Thursday, June 09, 2016


Last week, Dave KD2FSI brought his AlexLoop to the monthly South Plainfield Amateur Radio Club operating night.  I was impressed by how easily it went together and how relatively easy it seemed to tune. I would love to have one myself, but the retail price is a bit out of my budget, so I decided to homebrew one, instead.

Last night, I ordered 25 feet of LMR400 from DX Engineering - enough to make two loops with left over to spare.  Then I went and purchased a 20 - 240 pF air variable capacitor from RF Parts.  I already have some PVC for a frame - all I really need is a box for the enclosure for the capacitor.
I've read several articles by Steve AA5TB, Julian G4ILO and others.  I think I have the construction concept down and if all goes well, in a few weeks, maybe I'll be playing around with a W2LJ Loop. The only thing I'm not sure of, and have to think about, is how I'm going to get this to mount to my Buddistick tripod.

I think I may have to bug Dave again and take a look at how his mounts to his tripod.

As I build, I'll take plenty of pictures and will post the saga here.

72 de Larry W2LJ
QRP - When you care to send the very least!


  1. Larry,
    I am also working on a loop. My plan for the tripod adapter is adapt the pvc to a MPT, screw in a pvc threaded plug drilled and tapped for 1/4 inch bolt thread.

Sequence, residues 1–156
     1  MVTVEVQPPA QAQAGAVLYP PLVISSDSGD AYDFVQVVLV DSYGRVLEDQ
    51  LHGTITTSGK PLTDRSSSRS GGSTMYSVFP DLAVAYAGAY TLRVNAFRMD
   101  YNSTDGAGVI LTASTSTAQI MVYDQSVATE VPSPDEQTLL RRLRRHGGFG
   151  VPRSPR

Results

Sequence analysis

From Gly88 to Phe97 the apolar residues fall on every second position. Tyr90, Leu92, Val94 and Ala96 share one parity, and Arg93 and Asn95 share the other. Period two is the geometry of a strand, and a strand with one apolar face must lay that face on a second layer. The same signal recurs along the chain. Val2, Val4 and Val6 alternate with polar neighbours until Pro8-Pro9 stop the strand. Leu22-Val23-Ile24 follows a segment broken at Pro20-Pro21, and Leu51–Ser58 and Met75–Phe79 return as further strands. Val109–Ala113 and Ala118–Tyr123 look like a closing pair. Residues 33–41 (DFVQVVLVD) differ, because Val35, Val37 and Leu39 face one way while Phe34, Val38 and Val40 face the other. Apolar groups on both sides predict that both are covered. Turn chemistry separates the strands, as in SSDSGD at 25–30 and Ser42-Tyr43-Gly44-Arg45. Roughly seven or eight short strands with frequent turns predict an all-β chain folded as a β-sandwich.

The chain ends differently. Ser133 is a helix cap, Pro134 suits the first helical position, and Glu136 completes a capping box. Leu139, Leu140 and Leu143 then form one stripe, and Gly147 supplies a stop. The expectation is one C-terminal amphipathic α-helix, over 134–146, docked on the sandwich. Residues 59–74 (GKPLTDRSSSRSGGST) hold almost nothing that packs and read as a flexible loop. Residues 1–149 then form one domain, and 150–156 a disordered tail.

de Paul N0NBD

  2. I could only find a 20-240pf capacitor on the RF Parts website. Was your 2-240pf cap a typo?
    If not do you know the part # that you purchased? I'm anxious to build this loop as I follow along.

    Phil K7TTI

  3. Sorry about that! Type on my part - yes, that is a 20-240pF cap. It came in the mail on Saturday. It's a bit bigger that I had envisioned. Have to look for a suitable container.

  4. Hmm. When AEA used to make the IsoLoop, there was a reason they used a butterfly capacitor -- even though it halved the total effective capacitance in their loop, as well as reduced the useful rotation from 1/2 a turn to 1/4 of a turn.

    You see, in a magnetic loop, there are extremely high currents involved, and the contact area of the brass strap that makes the electrical connection to the rotor plates is quite small. At higher power levels, you could see significant heating, and any such loss is power that isn't radiated.

    AEA used a butterfly capacitor connected in series because there is no need to use the rotor connection, which greatly reduces the loss and increases the Q of the capacitor.